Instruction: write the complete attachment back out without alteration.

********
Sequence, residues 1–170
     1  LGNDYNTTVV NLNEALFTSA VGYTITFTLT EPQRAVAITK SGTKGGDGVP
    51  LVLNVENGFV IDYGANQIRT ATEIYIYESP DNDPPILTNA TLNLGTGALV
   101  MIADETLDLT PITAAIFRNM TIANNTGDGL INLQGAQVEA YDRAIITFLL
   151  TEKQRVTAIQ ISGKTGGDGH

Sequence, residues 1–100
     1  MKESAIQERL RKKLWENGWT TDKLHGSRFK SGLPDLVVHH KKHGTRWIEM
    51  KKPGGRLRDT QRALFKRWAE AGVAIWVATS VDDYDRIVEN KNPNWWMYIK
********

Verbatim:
Sequence, residues 1–170
     1  LGNDYNTTVV NLNEALFTSA VGYTITFTLT EPQRAVAITK SGTKGGDGVP
    51  LVLNVENGFV IDYGANQIRT ATEIYIYESP DNDPPILTNA TLNLGTGALV
   101  MIADETLDLT PITAAIFRNM TIANNTGDGL INLQGAQVEA YDRAIITFLL
   151  TEKQRVTAIQ ISGKTGGDGH

Sequence, residues 1–100
     1  MKESAIQERL RKKLWENGWT TDKLHGSRFK SGLPDLVVHH KKHGTRWIEM
    51  KKPGGRLRDT QRALFKRWAE AGVAIWVATS VDDYDRIVEN KNPNWWMYIK